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Old April 10th, 2006, 10:34 AM
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Default Opinion wanted: What a web programmer should know

The ultimate newbie question: What languages should I learn?

Well, I have the same question, but from a less-newbian perspective. I've been working in XHTML, CSS, XML, XSLT, XSL-FO, etc for about 3 years now, but at a management level. I'm trying to stay current with the new technologies.

I see "web programmer" job listings abound, and they all contain a bunch of new languages I am less familiar with.

My question is this: What is a good path for a management-level programmer who wants to know more and "do" the programming of viable modern websites?

The path I see now requires some basic form of this:
- XHTML, CSS2
- Javascript
- PHP
- ASP.NET / VB.NET
- C#, C++, etc
- Database
- Dreamweaver, FrontPage, etc
- Crossover technologies: XML, XSLT, etc.
- Flash

I recognize some of this is preferential, but I'm opening the door for opinions so I can see what's best for me. What makes a hirable, good web-programmer these days - one who can manage AND do the nitty gritty?

Thanks for honest opinions.
Michael Friedman
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  #2 (permalink)  
Old April 16th, 2006, 09:16 AM
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> What makes a hirable, good web-programmer these days - one who can manage AND do the nitty gritty?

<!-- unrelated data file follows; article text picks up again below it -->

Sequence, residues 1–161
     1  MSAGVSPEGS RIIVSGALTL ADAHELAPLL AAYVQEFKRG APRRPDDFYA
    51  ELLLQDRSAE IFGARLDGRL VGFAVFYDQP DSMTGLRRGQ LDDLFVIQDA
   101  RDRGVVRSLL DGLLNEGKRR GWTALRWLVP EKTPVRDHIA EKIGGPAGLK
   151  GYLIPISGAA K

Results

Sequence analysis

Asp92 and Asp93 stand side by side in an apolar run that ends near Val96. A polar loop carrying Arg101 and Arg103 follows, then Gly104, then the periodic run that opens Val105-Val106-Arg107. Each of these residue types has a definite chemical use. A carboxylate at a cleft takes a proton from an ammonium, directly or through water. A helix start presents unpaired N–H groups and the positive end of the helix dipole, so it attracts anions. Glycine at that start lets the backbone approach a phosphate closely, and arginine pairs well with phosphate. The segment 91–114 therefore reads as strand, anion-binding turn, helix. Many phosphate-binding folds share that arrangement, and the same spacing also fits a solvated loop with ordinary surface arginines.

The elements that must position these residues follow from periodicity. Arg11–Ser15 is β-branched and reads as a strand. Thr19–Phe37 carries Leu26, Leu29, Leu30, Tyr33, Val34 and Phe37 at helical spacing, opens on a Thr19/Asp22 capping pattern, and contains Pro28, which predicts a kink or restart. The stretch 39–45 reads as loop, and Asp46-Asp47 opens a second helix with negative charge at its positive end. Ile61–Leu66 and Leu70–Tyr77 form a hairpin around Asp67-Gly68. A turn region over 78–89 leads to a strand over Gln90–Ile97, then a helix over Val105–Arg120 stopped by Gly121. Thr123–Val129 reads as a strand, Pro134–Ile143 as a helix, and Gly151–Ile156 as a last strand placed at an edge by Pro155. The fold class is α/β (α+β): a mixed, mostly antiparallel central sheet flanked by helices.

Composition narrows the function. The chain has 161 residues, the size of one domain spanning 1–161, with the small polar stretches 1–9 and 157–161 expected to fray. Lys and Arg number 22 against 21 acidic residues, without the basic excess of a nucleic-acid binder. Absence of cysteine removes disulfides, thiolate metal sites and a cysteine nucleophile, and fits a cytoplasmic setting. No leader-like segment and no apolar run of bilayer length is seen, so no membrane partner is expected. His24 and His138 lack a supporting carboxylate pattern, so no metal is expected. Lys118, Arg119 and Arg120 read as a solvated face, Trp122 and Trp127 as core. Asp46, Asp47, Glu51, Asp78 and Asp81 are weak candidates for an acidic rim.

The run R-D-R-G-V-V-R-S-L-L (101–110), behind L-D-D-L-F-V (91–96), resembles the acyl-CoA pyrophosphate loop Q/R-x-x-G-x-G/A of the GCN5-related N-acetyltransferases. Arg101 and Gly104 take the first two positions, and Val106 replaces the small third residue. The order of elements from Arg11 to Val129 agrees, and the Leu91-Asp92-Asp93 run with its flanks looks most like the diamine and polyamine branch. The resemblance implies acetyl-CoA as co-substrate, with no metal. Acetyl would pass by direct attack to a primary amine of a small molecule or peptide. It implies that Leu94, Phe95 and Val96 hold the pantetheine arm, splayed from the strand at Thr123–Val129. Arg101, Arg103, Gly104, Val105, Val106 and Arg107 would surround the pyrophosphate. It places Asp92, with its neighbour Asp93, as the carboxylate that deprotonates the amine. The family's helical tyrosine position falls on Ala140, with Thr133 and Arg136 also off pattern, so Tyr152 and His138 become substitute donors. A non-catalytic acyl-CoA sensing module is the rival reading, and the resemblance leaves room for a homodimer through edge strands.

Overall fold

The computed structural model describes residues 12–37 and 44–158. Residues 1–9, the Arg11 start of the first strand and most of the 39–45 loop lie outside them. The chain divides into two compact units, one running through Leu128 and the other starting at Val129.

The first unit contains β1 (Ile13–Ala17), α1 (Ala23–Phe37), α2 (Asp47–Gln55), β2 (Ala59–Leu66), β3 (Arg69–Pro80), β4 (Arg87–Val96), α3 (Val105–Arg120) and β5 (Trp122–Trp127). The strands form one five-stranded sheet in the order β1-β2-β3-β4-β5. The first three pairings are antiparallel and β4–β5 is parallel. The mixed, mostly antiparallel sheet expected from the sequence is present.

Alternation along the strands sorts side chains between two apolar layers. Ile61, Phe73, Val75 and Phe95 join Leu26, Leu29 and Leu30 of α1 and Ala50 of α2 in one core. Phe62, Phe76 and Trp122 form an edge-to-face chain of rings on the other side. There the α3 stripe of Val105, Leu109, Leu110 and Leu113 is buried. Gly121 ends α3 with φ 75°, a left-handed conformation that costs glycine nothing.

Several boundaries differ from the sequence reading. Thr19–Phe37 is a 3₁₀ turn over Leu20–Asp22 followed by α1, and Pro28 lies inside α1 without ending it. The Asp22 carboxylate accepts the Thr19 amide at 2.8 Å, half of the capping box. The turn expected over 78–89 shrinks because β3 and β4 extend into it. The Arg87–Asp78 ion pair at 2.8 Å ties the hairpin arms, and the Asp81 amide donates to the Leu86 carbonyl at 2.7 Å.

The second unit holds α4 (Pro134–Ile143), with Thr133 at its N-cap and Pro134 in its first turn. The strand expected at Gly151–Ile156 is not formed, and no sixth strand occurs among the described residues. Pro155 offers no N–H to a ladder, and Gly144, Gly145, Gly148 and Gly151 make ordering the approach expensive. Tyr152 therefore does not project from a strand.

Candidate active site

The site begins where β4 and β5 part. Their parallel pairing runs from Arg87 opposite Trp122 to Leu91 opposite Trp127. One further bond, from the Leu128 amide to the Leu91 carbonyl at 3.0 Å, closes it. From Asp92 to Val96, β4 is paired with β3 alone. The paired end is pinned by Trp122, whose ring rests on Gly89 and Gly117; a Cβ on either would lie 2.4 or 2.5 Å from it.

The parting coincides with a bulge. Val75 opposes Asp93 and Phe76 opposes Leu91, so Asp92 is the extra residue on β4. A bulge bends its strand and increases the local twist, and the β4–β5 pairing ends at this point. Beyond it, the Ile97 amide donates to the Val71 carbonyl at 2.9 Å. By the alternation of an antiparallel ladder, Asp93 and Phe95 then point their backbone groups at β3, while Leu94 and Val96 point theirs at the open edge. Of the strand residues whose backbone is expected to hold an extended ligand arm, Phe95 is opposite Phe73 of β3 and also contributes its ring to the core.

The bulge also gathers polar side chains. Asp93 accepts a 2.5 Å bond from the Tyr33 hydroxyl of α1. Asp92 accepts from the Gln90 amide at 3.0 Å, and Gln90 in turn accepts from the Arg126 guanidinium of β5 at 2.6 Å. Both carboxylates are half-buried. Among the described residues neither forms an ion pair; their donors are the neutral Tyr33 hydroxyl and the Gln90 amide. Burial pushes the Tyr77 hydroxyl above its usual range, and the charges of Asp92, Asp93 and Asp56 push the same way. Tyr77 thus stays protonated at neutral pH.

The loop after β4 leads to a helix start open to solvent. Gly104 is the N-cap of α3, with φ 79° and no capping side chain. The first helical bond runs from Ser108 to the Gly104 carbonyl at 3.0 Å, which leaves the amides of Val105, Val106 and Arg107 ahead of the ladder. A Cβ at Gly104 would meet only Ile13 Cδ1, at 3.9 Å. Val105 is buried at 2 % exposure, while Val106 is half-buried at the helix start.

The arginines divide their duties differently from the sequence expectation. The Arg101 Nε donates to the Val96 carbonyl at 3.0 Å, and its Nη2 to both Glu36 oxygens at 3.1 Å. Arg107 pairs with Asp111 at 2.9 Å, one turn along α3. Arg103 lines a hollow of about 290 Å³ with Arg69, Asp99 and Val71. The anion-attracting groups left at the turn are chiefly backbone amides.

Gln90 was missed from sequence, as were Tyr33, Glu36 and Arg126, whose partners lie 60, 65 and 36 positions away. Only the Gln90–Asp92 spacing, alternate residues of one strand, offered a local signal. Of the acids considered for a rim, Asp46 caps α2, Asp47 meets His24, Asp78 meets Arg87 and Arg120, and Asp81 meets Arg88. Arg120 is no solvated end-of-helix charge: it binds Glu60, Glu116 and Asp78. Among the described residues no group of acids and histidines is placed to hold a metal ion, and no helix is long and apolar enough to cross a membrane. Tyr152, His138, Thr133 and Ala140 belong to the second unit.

My advice would be to focus less on the technologies than the person. Anyone can chuck TLAs* onto their resume! Look at the tech skills they've got, sure, but also think about how they communicate, how motivated they are and so on. Most reasonably competant tech people can pick up a language or technology in a couple of months - but skills like 'managing' and 'doing the nitty-gritty' are rather less easy to develop.

Having said that Rails (http://rubyonrails.org ) and AJAX are very cool things for someone to know ;)


* Three Letter Abbreviations - the beloved tool of salespeople who use them to obfscate reality from management types...
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Old May 6th, 2006, 10:41 AM
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Regarding your first question:
Quote:
quote:What is a good path for a management-level programmer who wants to know more and "do" the programming of viable modern websites?
You have a pretty good handle on the basic idea.
Your list is fine. Having an understanding of what these technologies and languages do, how they do it, and how they work together is fundamental. ciderpunx added Ruby on Rails and Ajax. I think Ajax is great and definitely something fundamental to a responsive interactive web page. Ruby on Rails is fun, and will probably continue to grow in popularity.

Along with gaining some experience with those things, you might want to take a step up to the next level and learn about development practices and principles.

For project design and coding itself, this includes things like the OOP fundamentals and principles, software and architectural patterns, coding standards, etc. Also, I have a particular fondness for Test Driven Design/Test First Programming, XP and other Agile practices, and refactoring ala Martin Fowler. Here are a few more names to google: Robert Martin, Kent Beck, Dave Thomas, Andy Hunt, Steve Mcconnell. There are many others... that is just a start.

For the next few years, I think that code-generation is going to continue to grow in importance.